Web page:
Sainsbury’s marks coffee pods as recyclable at kerbside

Sainsbury’s announced on 9 September that it had become the “first UK retailer” to label its own brand aluminium coffee pods as recyclable.

Examples of the own brand coffee pod packs which are now marked by Sainsbury's as recyclable (picture: Sainsbury's)

Sainsbury’s claims it is “widely believed” that aluminium coffee pods are too small to be captured for recycling at the kerbside, other than through specialist schemes.

The supermarket says it “challenged” the industry and discovered that waste management companies had facilities that could capture and recycle these smaller items, provided they were empty of coffee grounds.

Claire Hughes, director of product and innovation at Sainsbury’s, said: “We’re always looking for new ways to help our customers live more sustainably at home, and key to that is making sure any changes are small and easy to implement.

“That’s why we decided to challenge the notion that aluminium coffee pods can’t be recycled and with consumers more concerned about the planet than ever before, it felt like a natural place to look.

“Whilst we might be the first retailer to label our own brand coffee pods as recyclable, it’s important to understand that many aluminium pods are in fact recyclable. We hope others follow suit and change their packaging to raise awareness and encourage recycling.”

The own brand pods bearing the label became available in stores yesterday (12 September).


Sainsbury’s says it teamed up with coffee pod manufacturer Dualit and the recycling labels company On-Pack Recycling Label Ltd (OPRL) to prove that aluminium coffee pods could be recycled at home.

The label which will appear on Sainsbury’s own brand coffee pod packs (picture: Sainsbury’s)

The supermarket says its label will “make clear” the importance of emptying the pod and rinsing it before placing it in the recycling bin.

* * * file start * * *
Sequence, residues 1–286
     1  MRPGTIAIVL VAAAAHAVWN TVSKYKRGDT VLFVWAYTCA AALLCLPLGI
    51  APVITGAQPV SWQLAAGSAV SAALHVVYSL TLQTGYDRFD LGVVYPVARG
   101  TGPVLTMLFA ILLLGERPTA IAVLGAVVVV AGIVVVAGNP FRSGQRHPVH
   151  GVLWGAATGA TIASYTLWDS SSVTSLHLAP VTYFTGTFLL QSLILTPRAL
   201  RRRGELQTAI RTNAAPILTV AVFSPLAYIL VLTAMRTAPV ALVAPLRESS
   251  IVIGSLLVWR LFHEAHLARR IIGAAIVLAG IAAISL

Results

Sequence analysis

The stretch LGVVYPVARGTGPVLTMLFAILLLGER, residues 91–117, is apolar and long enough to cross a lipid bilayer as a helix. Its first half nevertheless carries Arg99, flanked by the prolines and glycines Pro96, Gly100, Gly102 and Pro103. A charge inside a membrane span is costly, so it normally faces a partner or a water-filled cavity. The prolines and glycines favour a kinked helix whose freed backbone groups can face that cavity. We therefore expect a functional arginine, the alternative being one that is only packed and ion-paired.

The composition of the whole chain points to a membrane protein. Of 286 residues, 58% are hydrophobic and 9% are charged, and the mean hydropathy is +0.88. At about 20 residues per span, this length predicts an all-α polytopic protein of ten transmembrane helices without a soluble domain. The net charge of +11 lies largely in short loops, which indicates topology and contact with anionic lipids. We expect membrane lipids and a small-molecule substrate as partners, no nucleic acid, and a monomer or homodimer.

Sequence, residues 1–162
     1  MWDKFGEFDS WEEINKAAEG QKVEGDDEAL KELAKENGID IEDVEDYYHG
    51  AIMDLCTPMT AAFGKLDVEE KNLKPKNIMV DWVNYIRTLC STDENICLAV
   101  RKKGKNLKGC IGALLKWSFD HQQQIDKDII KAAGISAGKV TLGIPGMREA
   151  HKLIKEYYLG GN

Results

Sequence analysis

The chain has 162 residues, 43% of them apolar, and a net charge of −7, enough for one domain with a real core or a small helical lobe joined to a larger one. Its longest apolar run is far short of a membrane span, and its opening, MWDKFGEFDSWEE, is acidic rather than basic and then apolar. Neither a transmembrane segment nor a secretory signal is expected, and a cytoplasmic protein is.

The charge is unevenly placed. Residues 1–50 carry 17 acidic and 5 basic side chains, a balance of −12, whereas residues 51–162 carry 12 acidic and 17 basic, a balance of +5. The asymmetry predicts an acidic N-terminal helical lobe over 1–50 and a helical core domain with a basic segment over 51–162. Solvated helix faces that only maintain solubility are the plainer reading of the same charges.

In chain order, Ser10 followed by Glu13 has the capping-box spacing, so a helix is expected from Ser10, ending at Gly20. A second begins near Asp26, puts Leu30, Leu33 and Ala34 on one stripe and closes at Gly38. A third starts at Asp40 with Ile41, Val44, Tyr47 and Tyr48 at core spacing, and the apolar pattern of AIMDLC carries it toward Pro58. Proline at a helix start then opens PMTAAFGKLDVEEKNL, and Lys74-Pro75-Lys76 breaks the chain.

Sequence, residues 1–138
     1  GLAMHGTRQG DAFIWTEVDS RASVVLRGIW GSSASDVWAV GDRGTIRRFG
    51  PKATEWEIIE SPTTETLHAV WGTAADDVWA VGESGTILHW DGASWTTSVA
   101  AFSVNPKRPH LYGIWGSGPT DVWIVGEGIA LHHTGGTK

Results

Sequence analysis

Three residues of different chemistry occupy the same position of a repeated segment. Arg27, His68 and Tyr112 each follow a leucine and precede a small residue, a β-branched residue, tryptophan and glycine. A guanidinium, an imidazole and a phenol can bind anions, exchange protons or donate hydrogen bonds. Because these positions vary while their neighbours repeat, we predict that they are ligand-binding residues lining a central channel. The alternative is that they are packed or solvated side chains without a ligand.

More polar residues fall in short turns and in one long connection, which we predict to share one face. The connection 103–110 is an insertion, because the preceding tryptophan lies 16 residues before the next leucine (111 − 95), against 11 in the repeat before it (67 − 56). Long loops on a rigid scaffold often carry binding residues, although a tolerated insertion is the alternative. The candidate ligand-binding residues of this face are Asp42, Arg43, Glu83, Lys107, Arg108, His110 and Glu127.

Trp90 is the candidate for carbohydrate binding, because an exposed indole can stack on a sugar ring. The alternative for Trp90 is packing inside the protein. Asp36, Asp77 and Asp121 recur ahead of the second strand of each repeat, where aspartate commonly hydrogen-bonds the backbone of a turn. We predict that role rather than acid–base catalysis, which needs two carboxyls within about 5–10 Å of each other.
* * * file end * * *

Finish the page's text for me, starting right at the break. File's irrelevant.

In a further effort to ensure its customers clean their pods before recycling them, Sainsbury’s is to launch the ‘Dualit EcoPress’, a device that separates coffee from the aluminium, on 7 November.

While customers could do this themselves with a teaspoon, Sainsbury’s says, the EcoPress makes it “quicker and easier”.

Once the coffee has been separated, people can put the remaining grounds in home compost bins, kerbside food waste bins, or their garden, the supermarket says.

Coffee pods

Coffee pod recycling hit the news in April when a “first of its kind” scheme called Podback was launched (see letsrecycle.com story).

Podback sends pods to be recycled by the Tandom Metallurgical Group Ltd in Congleton, near Stoke-on-Trent (picture: Podback)

Formed in November 2020 by brands Nestle and Jacobs Douwe Egberts UK, the scheme allows people to recycle pods either at the kerbside or through specialist collections.

Rick Hindley, the former executive director of the Aluminium Packaging Recycling Organisation (Alupro), joined Podback to take up the same role with the scheme in May (see letsrecycle.com story). In an opinion piece for letsrecycle.com published in July, Mr Hindley said the launch of the scheme was intended to “streamline” the coffee pod recycling process for local authorities (see letsrecycle.com story).

However, in its 9 September statement, Sainsbury’s said it was “not the case” that coffee pods required recycling through specialist collection schemes.

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